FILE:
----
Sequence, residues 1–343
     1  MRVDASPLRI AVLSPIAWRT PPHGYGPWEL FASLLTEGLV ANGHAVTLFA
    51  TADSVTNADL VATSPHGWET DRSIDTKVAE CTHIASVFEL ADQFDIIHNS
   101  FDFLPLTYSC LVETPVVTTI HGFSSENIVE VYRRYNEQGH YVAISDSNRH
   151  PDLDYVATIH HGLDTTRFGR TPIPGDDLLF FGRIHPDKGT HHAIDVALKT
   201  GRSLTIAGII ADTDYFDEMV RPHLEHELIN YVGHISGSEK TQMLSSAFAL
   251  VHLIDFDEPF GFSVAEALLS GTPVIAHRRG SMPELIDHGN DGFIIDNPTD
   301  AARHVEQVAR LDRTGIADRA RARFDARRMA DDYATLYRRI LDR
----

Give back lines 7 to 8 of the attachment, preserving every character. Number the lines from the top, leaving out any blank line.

   251  VHLIDFDEPF GFSVAEALLS GTPVIAHRRG SMPELIDHGN DGFIIDNPTD
   301  AARHVEQVAR LDRTGIADRA RARFDARRMA DDYATLYRRI LDR